Coast Guard maintains historic lighthouse in Chesapeake Bay

BALTIMORE - Boatcrew members from Coast Guard Station Annapolis, Md., use their 41-foot utility boat to take members from Coast Guard Aids to Navigation Team Baltimore to the Thomas Point Shoal Lighthouse in the Chesapeake Bay, Feb. 7, 2011. Following a low-voltage alarm, members from ANT Baltimore visited the lighthouse to ensure that the lighting equipment was working correctly. U.S. Coast Guard photo by Petty Officer 3rd Class Robert Brazzell.BALTIMORE – The Coast Guard serviced the Thomas Point Shoal Lighthouse in the Chesapeake Bay near Annapolis, Md., Monday.

Due to a low-voltage alarm, Coast Guard Aids to Navigation Team Baltimore dispatched a crew to the lighthouse to diagnose the problem.

A 41-foot Utility boatcrew from Coast Guard Station Annapolis transported the aids to navigation technicians to the lighthouse. Upon arrival, the technicians proceeded to check voltage levels, inspect wiring and conduct testing on the electrical equipment.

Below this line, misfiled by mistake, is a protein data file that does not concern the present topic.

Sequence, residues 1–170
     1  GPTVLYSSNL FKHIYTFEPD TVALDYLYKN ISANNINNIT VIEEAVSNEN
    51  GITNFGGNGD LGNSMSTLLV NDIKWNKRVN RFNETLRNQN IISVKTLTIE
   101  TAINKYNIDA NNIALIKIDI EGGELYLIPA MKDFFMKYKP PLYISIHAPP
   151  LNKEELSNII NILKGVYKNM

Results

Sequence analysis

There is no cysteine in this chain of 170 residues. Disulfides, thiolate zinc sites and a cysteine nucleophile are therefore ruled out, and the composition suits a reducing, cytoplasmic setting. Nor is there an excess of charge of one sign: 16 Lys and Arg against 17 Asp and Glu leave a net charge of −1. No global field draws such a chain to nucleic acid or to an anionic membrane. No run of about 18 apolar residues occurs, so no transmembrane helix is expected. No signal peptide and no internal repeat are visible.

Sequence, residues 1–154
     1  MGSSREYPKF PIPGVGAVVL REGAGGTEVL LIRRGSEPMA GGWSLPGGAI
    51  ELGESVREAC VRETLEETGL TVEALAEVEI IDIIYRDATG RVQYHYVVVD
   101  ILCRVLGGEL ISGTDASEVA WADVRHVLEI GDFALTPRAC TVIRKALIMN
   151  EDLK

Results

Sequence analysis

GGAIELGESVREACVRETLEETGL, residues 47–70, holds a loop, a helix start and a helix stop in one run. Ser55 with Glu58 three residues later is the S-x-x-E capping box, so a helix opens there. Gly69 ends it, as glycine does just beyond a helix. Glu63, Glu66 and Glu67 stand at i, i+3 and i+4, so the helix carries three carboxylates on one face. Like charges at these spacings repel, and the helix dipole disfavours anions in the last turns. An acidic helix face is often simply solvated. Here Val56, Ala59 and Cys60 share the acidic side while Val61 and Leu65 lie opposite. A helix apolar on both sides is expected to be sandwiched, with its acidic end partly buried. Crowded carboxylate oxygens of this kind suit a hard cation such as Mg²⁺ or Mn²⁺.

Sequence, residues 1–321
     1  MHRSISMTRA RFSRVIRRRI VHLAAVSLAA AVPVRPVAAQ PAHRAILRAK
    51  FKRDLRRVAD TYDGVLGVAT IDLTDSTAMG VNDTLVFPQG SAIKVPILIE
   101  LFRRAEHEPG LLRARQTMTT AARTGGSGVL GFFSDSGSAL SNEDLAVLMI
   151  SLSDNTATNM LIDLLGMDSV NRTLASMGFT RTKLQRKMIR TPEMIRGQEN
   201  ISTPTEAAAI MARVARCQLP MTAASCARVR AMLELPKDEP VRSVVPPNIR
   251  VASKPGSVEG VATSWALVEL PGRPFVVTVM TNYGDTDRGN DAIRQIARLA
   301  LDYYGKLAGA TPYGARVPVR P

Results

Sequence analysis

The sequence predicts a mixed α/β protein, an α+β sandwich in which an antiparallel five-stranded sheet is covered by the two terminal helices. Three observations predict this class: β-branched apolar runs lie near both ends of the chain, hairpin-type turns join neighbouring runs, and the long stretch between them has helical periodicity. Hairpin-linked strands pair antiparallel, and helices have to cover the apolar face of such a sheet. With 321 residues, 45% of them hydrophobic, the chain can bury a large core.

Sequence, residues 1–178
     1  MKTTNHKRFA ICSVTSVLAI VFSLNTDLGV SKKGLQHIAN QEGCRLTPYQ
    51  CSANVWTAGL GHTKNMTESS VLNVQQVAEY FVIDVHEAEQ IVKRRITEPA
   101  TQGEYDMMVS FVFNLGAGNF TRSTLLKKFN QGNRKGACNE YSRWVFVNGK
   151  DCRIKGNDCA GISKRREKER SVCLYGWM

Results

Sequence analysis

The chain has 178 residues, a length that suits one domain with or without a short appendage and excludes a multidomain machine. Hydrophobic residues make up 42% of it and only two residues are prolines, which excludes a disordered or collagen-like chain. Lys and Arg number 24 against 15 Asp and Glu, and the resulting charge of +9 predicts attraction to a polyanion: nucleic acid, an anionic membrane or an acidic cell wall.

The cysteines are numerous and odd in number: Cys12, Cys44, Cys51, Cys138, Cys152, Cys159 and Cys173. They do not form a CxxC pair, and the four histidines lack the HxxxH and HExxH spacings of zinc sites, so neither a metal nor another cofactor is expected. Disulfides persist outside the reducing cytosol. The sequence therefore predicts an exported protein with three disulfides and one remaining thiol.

Once their inspection was complete, they found the light to be watching properly. They determined that the alarm may have been caused by lack of sunlight on the solar panels that charge the lighthouse’s batteries.

The low voltage alarm was sent through the Coast Guard’s aid control monitoring system, which uses cell phone technology to send messages from the lighthouse to a computer at ANT Baltimore. The system regularly sends status updates and can be “pulled” by technicians to check electrical levels and send commands to the light, such as to reset itself.

The Thomas Point Shoal Lighthouse, originally built in 1875, is one of only 10 lighthouses to be named a national historic landmark, the highest recognition that a historic structure can receive. The lighthouse is also the only screw-pile light on the Chesapeake Bay still in its original position.

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